Android Chewing Away at iPad’s Market Share

Android devices such as Google's Nexus 7 are chewing away at Apple's tablet share.
Android devices such as Google’s Nexus 7 are chewing away at Apple’s tablet share.

Apple’s iPad—long the dominant force in tablets—faces increasing competition from touch-enabled devices running Google Android.

While that’s not necessarily a shocking revelation—Android has spent the past several years steadily gaining market-share in mobile devices—it’s surprising how quickly Android has eaten into the iPad’s once-formidable lead. According to new data from Gartner, Android seized 61.9 percent of the worldwide tablet market in 2013, a significant jump from its 45.8 percent share in 2012. Meanwhile, Apple saw its own tablet share tumble from 52.8 percent to 36.0 percent during the same period.

“In 2013, tablets became a mainstream phenomenon, with a vast choice of Android-based tablets being within the budget of mainstream consumers while still offering adequate specifications,” Roberta Cozza, research director at Gartner, wrote in a statement accompanying the data. “As the Android tablet market becomes highly commoditized, in 2014, it will be critical for vendors to focus on device experience and meaningful technology and ecosystem value—beyond just hardware and cost—to ensure brand loyalty and improved margins.”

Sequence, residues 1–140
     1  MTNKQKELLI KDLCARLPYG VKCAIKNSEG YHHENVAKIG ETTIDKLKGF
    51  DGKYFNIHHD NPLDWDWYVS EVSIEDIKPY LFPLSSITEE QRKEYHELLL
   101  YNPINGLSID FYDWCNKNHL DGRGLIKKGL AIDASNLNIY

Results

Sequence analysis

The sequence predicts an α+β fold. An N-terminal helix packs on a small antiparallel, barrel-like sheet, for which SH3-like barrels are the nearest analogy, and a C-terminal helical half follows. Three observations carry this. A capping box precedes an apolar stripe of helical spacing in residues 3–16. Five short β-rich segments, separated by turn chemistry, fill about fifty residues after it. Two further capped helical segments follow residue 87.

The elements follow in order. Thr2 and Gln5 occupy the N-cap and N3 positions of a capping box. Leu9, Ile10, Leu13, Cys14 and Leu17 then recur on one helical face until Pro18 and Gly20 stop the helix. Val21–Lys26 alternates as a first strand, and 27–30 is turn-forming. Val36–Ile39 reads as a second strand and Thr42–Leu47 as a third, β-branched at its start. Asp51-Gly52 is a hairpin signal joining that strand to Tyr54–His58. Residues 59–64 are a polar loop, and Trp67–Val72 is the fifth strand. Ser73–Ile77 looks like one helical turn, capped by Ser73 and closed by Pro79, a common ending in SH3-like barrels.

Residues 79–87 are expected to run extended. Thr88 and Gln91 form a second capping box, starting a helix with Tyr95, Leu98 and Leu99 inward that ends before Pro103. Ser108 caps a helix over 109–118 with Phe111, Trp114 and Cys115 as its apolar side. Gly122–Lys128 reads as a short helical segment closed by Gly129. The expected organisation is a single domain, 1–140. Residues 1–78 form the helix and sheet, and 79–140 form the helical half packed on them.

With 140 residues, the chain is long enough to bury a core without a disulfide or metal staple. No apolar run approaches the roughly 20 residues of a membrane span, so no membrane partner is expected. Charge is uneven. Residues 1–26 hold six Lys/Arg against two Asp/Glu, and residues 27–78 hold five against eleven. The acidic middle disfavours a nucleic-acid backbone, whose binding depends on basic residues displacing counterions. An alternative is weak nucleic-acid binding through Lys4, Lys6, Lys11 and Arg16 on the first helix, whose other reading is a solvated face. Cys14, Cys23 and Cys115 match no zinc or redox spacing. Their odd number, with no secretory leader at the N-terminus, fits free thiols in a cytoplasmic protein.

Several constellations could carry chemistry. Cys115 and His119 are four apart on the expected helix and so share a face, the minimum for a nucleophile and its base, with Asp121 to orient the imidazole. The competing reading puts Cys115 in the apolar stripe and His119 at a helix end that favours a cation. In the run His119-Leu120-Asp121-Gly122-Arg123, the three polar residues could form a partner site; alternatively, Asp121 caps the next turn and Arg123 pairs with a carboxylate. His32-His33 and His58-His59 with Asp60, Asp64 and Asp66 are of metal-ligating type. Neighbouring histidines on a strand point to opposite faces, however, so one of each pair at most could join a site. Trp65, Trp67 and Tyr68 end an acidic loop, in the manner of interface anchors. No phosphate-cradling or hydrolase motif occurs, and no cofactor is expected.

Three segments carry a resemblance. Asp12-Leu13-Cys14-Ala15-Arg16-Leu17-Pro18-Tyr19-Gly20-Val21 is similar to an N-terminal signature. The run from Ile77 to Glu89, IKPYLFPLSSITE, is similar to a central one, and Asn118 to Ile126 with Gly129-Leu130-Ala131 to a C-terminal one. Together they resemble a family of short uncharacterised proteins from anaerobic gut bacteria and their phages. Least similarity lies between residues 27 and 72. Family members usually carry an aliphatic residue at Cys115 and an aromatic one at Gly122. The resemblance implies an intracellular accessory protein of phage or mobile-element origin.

Of course, just as many pundits would argue that the tablet market transformed into a mainstream phenomenon long before that point, possibly when the original iPad went on sale in early 2010 and became a huge bestseller.

Various Android manufacturers have attempted to crack the tablet market for almost as long, but their early efforts—to put it mildly—lacked polish: even if the hardware didn’t leave something to be desired, the software was often buggy and loaded with bloatware, to the point where the cheaper touch-screens were virtually unusable. In the intervening years, however, the tablets have greatly improved; for example, the Nexus 7 features commendable hardware specs and latest-generation Android for $229 (for the 16GB model).

In turn, that mix of better quality at lower prices makes Android an increasing threat to Apple, which insists on selling even its iPad Mini at a bit of a premium to the overall tablet segment. It would be a mistake, however, to perceive Apple as vulnerable to outright market collapse: with its considerable brand power and app store, not to mention its huge user base, the iPad will likely continue as a power in the mobile-device world for quite some time.

 

Image: Google

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